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October 12, 2004

Qwest: Good connection, horrible ISP

The people running Qwest.net, by far, are the least capable administrators I've ever had the displeasure of dealing with. Long ago and far away, I started with a little Oklahoma ISP gone national. They were awesome. The techs new their stuff, the admins knew their stuff, and they were friendly. They offered bleeding-edge services at the time. Webmail before most ISPs offered it, SSL toward the end of their life... they were on the ball.

And then there's Qwest. Dealing with Qwest.net makes it painfully obvious why Qwest sold off the majority of their customers to MSN -- they don't have a clue. I today received an abuse notice from Qwest. Authentic, having checked the headers myself.

In it, they claim I've violated their AUP once by attempting to gain unauthorized access to a system. If it happens again, they say, the account may be terminated.

Except there are many holes in their logic. For starters, the claimed IP wasn't even leased to me until, oh, Saturday while the person reporting the "abuse" says it occurred in late September. Not to mention the possibility the IPs in question were spoofed, or the sender made it up completely. Further, I'm always leery of Average Joes reporting abuse. Hell, the person making the report went so far as to say all he knew was that Norton Internet Security reported these IPs and it must be something bad.

Oh, but it gets better. So much better. The reported issue? That my system is infected with a Windows virus. Which is all well and good except I'm not running Windows. The IP in question is currently leased to my Mac. Even if it was hooked up to my other system (which would have a different IP -- not one reported in the email), that runs Linux and would be similarly invulnerable to the exploit in question.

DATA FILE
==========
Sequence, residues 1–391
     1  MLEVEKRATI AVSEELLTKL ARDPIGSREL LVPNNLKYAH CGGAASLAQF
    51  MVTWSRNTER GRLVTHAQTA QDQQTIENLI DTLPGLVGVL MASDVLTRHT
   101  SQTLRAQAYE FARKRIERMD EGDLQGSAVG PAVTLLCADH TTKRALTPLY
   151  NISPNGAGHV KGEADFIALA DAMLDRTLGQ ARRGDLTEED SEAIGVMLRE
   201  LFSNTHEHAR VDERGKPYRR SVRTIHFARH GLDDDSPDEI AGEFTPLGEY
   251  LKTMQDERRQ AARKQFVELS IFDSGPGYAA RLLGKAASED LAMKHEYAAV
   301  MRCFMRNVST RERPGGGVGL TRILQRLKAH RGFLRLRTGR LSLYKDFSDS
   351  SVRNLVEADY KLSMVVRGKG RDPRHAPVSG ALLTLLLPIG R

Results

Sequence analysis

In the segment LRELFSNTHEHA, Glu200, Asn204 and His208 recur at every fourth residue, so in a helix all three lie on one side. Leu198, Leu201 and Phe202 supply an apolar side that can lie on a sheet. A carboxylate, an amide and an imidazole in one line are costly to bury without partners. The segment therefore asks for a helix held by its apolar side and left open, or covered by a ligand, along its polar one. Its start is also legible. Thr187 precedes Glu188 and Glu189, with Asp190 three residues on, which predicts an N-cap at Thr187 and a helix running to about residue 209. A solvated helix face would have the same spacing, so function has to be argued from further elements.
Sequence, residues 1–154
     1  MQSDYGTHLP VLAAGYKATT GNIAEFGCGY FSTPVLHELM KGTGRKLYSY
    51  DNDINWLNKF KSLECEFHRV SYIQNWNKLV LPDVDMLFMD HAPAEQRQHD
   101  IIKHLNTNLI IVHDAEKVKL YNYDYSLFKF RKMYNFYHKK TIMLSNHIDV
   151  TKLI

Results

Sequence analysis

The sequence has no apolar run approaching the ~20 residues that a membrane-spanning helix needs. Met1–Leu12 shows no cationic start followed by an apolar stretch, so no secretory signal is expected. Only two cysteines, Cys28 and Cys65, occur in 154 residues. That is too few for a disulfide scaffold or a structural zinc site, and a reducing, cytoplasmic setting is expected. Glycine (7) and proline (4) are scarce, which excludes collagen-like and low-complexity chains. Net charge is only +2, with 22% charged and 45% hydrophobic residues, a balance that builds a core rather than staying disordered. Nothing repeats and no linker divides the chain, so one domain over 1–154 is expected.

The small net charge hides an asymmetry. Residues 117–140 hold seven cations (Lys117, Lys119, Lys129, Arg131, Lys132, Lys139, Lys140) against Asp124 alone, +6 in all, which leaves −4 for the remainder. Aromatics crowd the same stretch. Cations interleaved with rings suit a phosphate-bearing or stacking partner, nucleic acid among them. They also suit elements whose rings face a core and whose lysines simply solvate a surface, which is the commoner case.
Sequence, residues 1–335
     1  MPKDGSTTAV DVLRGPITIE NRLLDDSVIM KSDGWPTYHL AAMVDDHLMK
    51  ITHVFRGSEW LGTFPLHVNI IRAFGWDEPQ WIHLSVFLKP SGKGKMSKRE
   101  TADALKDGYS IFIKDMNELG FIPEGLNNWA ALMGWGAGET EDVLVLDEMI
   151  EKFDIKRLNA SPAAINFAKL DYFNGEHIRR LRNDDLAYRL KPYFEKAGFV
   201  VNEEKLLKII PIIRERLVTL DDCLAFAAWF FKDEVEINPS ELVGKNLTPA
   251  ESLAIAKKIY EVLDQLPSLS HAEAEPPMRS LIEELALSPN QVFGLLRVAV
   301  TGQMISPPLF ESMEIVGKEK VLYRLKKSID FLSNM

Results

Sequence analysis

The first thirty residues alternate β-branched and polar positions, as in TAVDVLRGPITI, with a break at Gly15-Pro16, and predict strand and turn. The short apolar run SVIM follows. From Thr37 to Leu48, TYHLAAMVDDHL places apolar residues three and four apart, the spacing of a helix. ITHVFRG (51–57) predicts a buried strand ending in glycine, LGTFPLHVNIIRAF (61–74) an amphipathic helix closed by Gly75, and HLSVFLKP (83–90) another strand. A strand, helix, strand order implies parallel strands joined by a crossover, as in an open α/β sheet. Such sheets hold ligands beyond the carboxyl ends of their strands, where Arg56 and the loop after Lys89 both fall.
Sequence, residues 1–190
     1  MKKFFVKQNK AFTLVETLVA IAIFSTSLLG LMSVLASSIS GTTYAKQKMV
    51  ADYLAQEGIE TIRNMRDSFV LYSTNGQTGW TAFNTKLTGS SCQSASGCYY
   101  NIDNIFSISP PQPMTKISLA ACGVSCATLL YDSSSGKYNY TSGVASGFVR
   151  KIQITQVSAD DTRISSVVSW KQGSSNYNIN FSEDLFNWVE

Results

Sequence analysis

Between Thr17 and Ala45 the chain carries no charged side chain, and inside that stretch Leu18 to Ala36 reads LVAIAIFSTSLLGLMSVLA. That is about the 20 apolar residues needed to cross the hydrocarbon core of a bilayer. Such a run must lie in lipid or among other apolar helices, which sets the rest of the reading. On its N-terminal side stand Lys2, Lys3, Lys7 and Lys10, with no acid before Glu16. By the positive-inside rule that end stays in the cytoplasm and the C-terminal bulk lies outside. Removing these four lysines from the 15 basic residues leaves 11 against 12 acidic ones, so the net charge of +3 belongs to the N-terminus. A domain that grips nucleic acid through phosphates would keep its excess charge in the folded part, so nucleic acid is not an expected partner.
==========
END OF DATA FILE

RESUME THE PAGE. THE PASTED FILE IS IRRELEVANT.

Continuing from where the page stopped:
Sure, that sounds bad, but allow me to go on for a moment. Qwest included the abuse mail in its entirety. Including every IP the originator reported, and full headers. Sure, they modified out the sender's from address, but they left his IP and what looks like it may well be his Qwest username.

But what really peeves me is that basic network logging would show I didn't have possession of the IP at the time the abuse was reported.

Add this on top of the lack of webmail, the lack of SSL for POP or SMTP, and the fact that the account administration site is impossibly dense, and it's not a pretty experience.

If you've considering Qwest Choice Online -- their affordable, high-speed VDSL offering -- consider carefully if you can stand to deal with apparent incompetence. While I have the knowledge to hopefully sort this out, it would completely baffle most people (and they wouldn't stand a chance of defending themselves from the Almighty Qwest Acceptable Use Policy).

Update: Upon further examination of the e-mail, I discovered something wholly incomprehensible and unacceptable: the e-mail address of the person reporting the "abuse" is in my notification. The original email is tacked on to the report, you see, and it was due to my mail reader's settings that it wasn't appearing. Upon turning off an option, there in plain view was the originator's Qwest.net email address. Remind me never to report abuse to Qwest.

Hell, at this rate I could report the reporter for "abuse" in return for reporting me, and subscribe him to all the hardcore porn newsletters in the land. Brilliant. Absolutely brilliant, Qwest. Pardon me while I go hit their privacy policy.

Posted by Colin at October 12, 2004 8:21 PM

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